Karin gulped mouthfuls of sweet cider. “Winning that race was easy. The mare did most of the work.”
Uncle Thomas slapped Joseph on the back. “Then maybe you should dance with the mare, or partner some other young lady.”
“Yes,” she urged. “Do ask another.”

The stubborn streak she knew well tightened the cleft in Joseph’s jaw. “None here I fancy. Drink your cider, dear heart. I’ll go get a real drink.”

The moody young man made his way through the crowd to the trestle tables pushed together at one side of the large room. Smoked hams, chicken potpie, baked apples, pumpkin pies, cornbread, slow-cooked beans with molasses, more tempting fare than she could possibly sample, heaped the platters, bowls, and wooden vessels spread over the groaning tables. Pitchers of cider, kegs of apple brandy, and brown whiskey bottles rose alongside the banquet. Savory scents mingled with wood smoke and the musk of crowded bodies.

Tucking a stray tendril behind her ear, she asked, “Is Joseph vexed, Uncle Thomas?”

“Frustrated. It’s you he fancies, gal.”

She tilted her head at her handsome relation, the youngest of the three uncles and her favorite. The same strength that emanated from her grandfather imbued the lines of his face. His blue eyes could be every bit as tender as Grandpa’s and equally as biting.

“Joseph’s dear to me, but he feels more like my brother than my beau, if that’s what you mean.”
“Your grandpa wedding his mama doesn’t make him so.”
“Still, it doesn’t seem right whatever passes between a husband and wife passing between us.”
Uncle Thomas eyed her in fond bemusement. “You’re innocent as a babe.”
Her cheeks warmed beyond the heat in the crowded room. “Grandma Sarah says I know all I need for an unwed lass.”
“What of old Neeley?” he asked.
Karin glanced at the swaddled figure, stiff with rheumatism, seated by the hearth. “Neeley speaks mostly of herbs and doctoring.”

“Far be it from me to instruct you in such delicate matters, but don’t put too much weight on romantic notions, as I once did,” he added, with an edge to his voice. “Joseph’s a good man. Think on him.”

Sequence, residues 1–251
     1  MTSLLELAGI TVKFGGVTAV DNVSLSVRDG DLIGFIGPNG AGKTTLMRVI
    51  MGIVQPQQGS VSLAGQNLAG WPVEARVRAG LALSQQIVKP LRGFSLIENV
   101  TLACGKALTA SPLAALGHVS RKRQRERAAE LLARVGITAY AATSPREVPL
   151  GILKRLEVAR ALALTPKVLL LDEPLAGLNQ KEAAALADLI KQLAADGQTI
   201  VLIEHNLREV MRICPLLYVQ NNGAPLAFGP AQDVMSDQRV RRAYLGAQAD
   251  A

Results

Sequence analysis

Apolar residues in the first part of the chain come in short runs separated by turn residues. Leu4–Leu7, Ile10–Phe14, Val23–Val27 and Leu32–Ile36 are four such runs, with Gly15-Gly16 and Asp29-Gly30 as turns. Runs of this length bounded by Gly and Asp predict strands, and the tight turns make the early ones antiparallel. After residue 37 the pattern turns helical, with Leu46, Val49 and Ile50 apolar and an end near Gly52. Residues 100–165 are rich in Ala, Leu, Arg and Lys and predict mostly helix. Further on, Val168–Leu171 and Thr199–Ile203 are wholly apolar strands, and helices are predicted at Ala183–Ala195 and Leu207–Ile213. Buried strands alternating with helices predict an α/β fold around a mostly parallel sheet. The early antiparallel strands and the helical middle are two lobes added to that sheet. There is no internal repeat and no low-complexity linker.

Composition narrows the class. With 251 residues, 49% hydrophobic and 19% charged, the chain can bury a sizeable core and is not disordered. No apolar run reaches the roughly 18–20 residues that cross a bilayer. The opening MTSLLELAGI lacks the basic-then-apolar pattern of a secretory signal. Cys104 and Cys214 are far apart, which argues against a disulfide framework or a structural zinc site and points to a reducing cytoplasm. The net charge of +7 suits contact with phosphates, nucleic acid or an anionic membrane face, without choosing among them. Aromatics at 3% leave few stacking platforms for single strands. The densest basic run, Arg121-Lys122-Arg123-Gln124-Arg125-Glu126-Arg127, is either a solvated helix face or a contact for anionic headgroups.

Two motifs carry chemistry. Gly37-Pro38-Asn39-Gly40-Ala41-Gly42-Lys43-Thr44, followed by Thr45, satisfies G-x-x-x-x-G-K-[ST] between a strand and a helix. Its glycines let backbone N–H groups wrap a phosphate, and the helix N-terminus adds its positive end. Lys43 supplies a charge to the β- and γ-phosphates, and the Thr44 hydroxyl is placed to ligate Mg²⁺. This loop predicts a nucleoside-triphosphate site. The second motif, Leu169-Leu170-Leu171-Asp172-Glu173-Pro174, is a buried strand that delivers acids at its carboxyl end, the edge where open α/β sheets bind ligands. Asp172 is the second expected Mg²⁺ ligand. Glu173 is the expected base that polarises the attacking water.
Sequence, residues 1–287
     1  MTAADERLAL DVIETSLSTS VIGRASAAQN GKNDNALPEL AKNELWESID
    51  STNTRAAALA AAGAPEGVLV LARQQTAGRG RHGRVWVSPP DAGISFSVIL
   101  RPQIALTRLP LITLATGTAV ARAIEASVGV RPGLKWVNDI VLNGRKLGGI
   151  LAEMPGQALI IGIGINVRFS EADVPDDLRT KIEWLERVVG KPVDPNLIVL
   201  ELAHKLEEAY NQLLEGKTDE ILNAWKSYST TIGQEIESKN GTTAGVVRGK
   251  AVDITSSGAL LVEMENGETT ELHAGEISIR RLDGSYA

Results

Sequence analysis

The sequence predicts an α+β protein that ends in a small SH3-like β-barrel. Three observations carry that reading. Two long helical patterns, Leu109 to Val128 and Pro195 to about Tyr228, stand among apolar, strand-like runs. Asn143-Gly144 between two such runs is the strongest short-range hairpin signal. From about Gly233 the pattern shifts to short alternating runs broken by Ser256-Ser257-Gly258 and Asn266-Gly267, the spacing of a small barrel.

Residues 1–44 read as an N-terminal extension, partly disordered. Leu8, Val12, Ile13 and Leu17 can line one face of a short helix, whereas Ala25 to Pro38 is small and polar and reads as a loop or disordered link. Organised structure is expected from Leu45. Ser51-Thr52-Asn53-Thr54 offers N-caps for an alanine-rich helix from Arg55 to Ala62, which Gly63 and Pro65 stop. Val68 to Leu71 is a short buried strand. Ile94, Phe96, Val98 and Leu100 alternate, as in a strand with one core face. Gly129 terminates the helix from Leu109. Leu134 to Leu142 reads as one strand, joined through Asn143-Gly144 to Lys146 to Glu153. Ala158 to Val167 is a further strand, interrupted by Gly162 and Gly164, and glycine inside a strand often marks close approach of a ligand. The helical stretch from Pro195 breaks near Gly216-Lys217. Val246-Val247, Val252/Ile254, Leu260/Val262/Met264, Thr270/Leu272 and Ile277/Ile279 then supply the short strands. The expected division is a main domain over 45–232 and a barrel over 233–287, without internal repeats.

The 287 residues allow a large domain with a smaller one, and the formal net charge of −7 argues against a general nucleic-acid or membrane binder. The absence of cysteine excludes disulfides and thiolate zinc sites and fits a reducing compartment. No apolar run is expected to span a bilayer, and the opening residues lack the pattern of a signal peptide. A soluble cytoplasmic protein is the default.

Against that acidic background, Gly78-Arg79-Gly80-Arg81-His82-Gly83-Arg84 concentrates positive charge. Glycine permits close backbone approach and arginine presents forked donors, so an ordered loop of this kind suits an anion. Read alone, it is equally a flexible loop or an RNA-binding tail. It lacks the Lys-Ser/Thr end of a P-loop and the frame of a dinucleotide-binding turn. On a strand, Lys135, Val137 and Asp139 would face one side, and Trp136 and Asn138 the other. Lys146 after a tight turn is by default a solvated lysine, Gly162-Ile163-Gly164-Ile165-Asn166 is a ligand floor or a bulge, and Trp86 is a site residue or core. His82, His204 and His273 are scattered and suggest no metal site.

No need to think, really. Karin had a deep fondness for Joseph, though not the riotous passion she sometimes dreamed of and knew next to nothing about. But she admired her uncle, a hero from the recent war. Returning her gaze to his regard, she said, “I will.”

“Not that there’s any hurry in choosing a husband, and believe me, you can have your pick.” He nodded at Kyle Brewster standing near the hearth. The curly haired young man slanted soulful eyes at Karin and she glanced away.

Uncle Thomas chuckled. “No hurry at all. Your grandpa’s content to keep you under his roof and dote on you.”

“Like giving me this party.” Karin shifted her attention to the animated assembly weaving in and out to the steps of the next dance. “We haven’t known such merriment in years.”

“Couldn’t with the war. Thank God that bloody revolution is behind us. We’ve much to rejoice. Happy birthday, Karin.”
She smiled past the ache inside her. “Oh, it is.”
“With your menfolk guarding you like a she-bear? Woe unto the suitor who pays you more than nodding attention.”
“I’m not minding. Really.”

He weighed her with a long look. “Yours is such a forbearing nature for one so adored. I feared you’d be spoiled beyond endurance, but you’re not, are you?”

“Should I be?”

“Utterly. No matter. I only wish your mama could see you now. Mary would be so proud.” A husky note crept into his voice. “She was just your age when—sorry. I shouldn’t bring that up today of all days.”

“Yet ’twas on this very eve she died.”
Regret etched every nuance of his face. “I suppose Neeley told you?”
“Yesterday. She said Mama died birthing me.”

“Neeley’s been broodier lately and more preoccupied with the past. You mustn’t blame yourself for Mary’s death. She was so weak by then and fever settled in.”

BOOK: The Bearwalker's Daughter